John Rankin, of Kelburn, asks :-

Is global warming scepticism justified? I have been told that there has been no warming for 17 years.

Philip Sutton, a physical oceanographer with NIWA, responded.

My first response is that scepticism is always justified. Science is about asking questions and thinking about how things work. That said, there are provisos. There are a number of reasons the climate debate is contentious. Primary among these is the importance of the issue and its ramifications in terms of money and lifestyle. A second factor is that while the internet has enabled people to research the topic, with no peer-review or quality control, the quality of information can be dubious. If people are genuinely interested, they need to check the sources and read the peer-reviewed publications that are the foundation stones of scientific discussion.

The ‘no warming for 17 years' assertion relies on 1998 being an exceptionally warm year - in fact 1998 is thought to be the 4th or 5th warmest year on record (with all the warmest years having occurred since 1998). The explanation is that climate varies on many time scales, and just because 1998 was particularly warm does not mean that the variability is not part of a continuous subtle warming. This argument would become much stronger if no change is seen in the next 10-20 years.

This question was passed to me, an oceanographer. Water has a very high ability to absorb heat, hence the ocean dominates the heat storage of the climate system. The oceans are responsible for about 93% of the global heat content, which determines whether the world is warming more accurately than surface air temperature.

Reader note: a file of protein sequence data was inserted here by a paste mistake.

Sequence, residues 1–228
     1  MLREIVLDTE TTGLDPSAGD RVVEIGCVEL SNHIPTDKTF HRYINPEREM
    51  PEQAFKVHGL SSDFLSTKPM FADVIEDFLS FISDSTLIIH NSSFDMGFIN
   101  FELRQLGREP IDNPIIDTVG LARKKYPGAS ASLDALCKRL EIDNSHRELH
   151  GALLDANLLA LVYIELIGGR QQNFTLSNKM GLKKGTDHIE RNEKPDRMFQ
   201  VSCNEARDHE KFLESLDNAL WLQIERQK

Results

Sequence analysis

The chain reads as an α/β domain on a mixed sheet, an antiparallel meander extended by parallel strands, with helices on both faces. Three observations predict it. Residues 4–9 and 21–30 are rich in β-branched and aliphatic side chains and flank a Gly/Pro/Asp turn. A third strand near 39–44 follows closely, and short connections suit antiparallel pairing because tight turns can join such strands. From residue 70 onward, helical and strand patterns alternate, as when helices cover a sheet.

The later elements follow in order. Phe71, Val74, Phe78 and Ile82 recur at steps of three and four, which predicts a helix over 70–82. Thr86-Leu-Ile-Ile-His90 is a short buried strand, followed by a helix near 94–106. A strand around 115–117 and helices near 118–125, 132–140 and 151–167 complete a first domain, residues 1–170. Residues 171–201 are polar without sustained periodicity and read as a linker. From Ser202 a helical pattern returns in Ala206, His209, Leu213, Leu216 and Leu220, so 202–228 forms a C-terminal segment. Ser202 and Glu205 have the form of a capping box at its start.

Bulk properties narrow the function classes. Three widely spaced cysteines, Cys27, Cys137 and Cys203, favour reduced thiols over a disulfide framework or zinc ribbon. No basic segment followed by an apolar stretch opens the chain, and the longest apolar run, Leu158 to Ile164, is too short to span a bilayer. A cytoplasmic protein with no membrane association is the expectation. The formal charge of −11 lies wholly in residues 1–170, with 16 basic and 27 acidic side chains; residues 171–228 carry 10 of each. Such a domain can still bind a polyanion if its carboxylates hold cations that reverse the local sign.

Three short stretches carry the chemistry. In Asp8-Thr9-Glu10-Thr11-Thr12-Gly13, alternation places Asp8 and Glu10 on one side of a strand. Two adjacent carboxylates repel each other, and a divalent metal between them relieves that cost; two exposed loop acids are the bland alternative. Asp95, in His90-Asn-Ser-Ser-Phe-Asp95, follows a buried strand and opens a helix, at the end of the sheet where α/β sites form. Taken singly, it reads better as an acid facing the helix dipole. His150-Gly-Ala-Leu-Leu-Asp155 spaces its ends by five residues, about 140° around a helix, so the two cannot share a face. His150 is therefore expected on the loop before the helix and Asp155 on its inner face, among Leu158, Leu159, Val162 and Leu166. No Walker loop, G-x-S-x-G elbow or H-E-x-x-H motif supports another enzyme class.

I have just been involved in a study determining global ocean heat content changes since 2006, when an ocean measuring system of profiling floats called Argo (www.argo.ucsd.edu) reached global coverage. This study indicates that ocean heat content steadily increased between 2006 and 2014. The conclusion is that there is no sign of the so-called ‘warming hiatus’ in heat content. Of interest to New Zealand is that almost all of the changes have occurred south of 20°S. This is likely because of the large area of the southern hemisphere ocean and the special case of the Southern Ocean with uninterrupted flow and exposure to strong winds around Antarctica.

In summary, I think scepticism is good, but should be constructive and well-founded. I believe there has been warming since 1998, based on studies I have been involved with using ocean data and other studies I have read. I cannot speak for ‘climate scientists’ as a group, but the Intergovernmental Panel on Climate Change (IPCC) expresses the scientific consensus and its reports are available online at www.ipcc.ch.